Bulletins

Biden is quietly continuing Trump's social media registration requirement

President Joe Biden speaking into a handheld microphone in front of an American flag backdrop

The State Department filed a notice today that it at least temporarily plans to keep Trump's social media registration requirement in place for visa applicants.

Photo: Gage Skidmore/Flickr

After promising a review of former President Trump's requirement that visa applicants register their social media information with the federal government, the Biden administration appears to have decided to keep the requirement in place for the time being.


The Trump White House first put the requirement in place as part of its "extreme vetting" program for visa applicants following the ban on admitting immigrants from several majority-Muslim countries. The Knight First Amendment Institute, NYU's Brennan Center for Justice and the law firm Simpson Thacher and Bartlett then sued the State Department in December 2019 on behalf of two documentary organizations, arguing that the registration requirement violated first amendment protections by quelling protected speech.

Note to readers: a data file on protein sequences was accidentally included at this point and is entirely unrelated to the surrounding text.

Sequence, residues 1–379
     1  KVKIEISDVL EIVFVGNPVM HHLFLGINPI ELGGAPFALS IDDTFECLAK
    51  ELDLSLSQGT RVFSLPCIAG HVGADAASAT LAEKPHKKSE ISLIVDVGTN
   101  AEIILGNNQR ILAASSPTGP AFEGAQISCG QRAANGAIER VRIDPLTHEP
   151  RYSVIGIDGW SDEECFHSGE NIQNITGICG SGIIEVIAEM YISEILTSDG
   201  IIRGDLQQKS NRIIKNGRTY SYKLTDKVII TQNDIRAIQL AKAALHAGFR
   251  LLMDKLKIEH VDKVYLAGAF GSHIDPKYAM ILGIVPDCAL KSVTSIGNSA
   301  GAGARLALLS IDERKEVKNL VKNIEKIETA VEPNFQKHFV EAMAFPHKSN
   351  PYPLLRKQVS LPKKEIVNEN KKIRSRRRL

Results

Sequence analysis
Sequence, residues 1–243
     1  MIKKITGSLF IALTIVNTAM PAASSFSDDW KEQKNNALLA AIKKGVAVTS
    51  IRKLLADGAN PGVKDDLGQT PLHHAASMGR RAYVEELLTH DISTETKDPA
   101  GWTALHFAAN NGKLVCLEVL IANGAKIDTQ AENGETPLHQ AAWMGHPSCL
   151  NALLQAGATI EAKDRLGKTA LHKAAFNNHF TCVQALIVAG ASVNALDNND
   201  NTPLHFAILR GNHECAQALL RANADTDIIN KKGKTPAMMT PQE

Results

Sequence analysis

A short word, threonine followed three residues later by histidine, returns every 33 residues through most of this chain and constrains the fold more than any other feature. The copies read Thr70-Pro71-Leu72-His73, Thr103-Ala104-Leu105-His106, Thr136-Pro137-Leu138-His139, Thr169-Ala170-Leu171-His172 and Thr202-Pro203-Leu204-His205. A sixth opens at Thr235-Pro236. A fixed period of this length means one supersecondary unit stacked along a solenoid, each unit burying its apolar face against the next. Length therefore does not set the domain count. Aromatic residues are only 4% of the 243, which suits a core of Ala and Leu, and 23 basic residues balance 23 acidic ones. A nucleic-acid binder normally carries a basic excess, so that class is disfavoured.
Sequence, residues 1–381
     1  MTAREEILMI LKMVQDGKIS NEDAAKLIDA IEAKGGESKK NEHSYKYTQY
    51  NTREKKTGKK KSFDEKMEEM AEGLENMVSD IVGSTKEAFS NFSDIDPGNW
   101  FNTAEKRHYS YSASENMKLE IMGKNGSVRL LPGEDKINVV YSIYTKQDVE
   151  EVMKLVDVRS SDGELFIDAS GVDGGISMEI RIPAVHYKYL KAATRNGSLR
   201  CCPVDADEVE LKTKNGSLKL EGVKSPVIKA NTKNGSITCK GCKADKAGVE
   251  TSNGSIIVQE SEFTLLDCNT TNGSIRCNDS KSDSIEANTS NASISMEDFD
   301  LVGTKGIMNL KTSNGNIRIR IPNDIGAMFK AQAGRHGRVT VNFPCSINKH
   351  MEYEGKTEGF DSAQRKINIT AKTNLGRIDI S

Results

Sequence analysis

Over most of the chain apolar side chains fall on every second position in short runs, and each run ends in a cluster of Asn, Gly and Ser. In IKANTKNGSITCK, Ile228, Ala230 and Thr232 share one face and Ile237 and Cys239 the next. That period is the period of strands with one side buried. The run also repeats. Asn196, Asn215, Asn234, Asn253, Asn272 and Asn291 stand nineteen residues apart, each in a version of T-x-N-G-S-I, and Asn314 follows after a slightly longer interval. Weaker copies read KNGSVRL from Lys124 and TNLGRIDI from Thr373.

The D.C. District Court paused its review of the case after the 2020 presidential election because the Biden administration planned to review Trump-era travel rules and appeared likely to lift or suspend them, meaning the case would become moot. But today, after having finished the travel-rules review, the administration filed a statement with the D.C. District Court that it did not plan to take any actions that would make the case moot or allow for its withdrawal.

"At this time, the Government does not anticipate taking any action that would moot the above-captioned case," acting assistant attorney general Brian Boynton wrote in the two-sentence filing.

"This development is particularly surprising — and disappointing — given the administration's review of the registration requirement, as well as its recent rejection of a Department of Homeland Security proposal to extend the same requirement to millions more people each year," Carrie DeCell, a staff attorney at the Knight First Amendment Institute, said in response to the filing.

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